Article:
A CodeBehind error with User Controls

by Terry 6/11/2008 3:29:00 PM

I am updating a website for my project at work. It was a .Net 1.1 site converted to a .Net 2.0 site. We are adding some new user controls to the site. I implemented one of those controls on a new page and generated a runtime error like this:

"The base class includes the field 'WebUserControl1', but its type (common_WebUserControl) is not compatible with the type of control (ASP.common_webusercontrol_ascx)"

Hunting around with Google turned up several possibilities, but none helped until I found this link, http://forums.asp.net/t/960707.aspx. A post by ‘Maduka’ suggested changing the Codefile attribute of the page to CodeBehind. This worked in my case. It works the other way too. Change the control’s CodeBehind property to CodeFile.

Without digging deep, I would presume that CodeFile is the .Net 2.0+ code behind method, as this is the default value for the new user controls. So, in our implementation, we are changing pages that use the new controls to use the CodeFile attribute instead of CodeBehind. I am not sure which is best practice, but this is what works for me. Your mileage may vary.

And, it turns out I may have this backward. Reading the posts a bit more indicates that CodeBehind is the new model. I will need to look at this more closely. I am hoping to update the site to .Net 3.5 by the end of the year, and I would like to clean this stuff up.

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Coding Practices | computing

VSLive 2008, Day two

by Terry 5/13/2008 8:54:00 AM

I am frustrated with the network access at the conference. Yesterday morning I had great access for the first third of the day then I shut down my laptop during a break. I have not had access since. I learned from the conference organizers they only had five IP addresses being issued for the wireless access. Apparently that has not been fixed – my luck. So, I am writing this offline. If I get it posted, then I found access someplace.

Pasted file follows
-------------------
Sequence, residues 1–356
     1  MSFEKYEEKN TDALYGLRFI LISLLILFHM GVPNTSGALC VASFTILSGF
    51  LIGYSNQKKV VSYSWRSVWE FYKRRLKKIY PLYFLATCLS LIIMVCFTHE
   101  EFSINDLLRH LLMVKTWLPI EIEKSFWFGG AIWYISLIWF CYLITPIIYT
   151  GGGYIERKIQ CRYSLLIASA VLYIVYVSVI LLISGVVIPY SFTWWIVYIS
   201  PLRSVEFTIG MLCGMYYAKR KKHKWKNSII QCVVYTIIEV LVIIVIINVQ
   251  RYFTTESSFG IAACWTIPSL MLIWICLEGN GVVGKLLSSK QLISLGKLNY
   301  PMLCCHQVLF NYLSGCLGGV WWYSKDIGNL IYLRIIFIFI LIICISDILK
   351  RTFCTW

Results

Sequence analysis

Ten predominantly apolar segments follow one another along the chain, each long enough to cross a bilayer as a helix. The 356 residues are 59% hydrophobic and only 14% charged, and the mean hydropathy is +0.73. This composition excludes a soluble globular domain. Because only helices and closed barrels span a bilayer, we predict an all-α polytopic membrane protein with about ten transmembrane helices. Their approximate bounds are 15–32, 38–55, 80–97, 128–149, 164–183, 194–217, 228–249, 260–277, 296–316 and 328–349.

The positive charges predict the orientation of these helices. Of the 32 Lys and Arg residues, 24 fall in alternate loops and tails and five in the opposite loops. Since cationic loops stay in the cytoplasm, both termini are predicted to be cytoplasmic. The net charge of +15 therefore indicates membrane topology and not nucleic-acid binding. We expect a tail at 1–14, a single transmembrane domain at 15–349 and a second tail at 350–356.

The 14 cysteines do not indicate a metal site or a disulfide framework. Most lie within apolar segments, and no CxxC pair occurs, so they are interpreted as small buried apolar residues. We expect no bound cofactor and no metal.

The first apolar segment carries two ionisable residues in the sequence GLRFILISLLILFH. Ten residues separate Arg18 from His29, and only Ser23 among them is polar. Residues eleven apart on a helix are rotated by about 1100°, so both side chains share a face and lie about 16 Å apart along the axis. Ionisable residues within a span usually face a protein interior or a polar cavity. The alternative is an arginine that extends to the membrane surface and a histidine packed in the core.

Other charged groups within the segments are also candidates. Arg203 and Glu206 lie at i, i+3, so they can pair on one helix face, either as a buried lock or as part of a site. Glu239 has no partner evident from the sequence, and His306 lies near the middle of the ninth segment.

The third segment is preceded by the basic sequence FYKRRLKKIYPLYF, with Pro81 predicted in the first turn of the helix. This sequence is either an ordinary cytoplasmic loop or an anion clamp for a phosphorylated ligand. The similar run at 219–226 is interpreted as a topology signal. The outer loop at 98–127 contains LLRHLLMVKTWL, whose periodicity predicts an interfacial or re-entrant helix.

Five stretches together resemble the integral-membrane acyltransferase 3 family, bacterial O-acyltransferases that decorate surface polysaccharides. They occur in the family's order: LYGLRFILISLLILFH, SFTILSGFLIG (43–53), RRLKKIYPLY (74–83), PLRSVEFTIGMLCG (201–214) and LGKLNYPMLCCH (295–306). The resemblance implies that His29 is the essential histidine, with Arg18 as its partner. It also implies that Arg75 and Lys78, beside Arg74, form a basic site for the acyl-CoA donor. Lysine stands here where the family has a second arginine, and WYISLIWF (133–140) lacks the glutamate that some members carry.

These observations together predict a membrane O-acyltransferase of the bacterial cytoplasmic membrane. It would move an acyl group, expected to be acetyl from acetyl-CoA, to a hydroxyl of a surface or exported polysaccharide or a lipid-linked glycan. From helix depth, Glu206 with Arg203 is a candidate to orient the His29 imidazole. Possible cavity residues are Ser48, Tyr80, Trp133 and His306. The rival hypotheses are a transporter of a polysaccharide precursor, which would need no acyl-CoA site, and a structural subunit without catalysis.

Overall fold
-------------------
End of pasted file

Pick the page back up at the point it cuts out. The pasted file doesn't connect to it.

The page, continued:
The conference starts formally today, yesterday being pre-conference classes. I have little to comment on the keynote this morning, except one statistic that was mentioned. The speaker said, from years of research by Microsoft, that 35% of all projects fail. This value has not changed over 20 years. What has changed is that the relative cost of failed projects has decreased. In short, development projects have not gotten more successful over time, but just fail more cheaply.

The solution, I presume from the keynote, is integrated team suits like Microsoft Team Foundation Server and Visual Studio will somehow herald in a new era of success. I find that interesting, but I am mostly doubtful. I would agree the integrated development systems are a needed improvement to the development lifecycle. I also believe this will make teams, successful or otherwise, function more effectively, productively and by inference with less cost. This will continue to drive development costs down, making successful and failed projects less costly.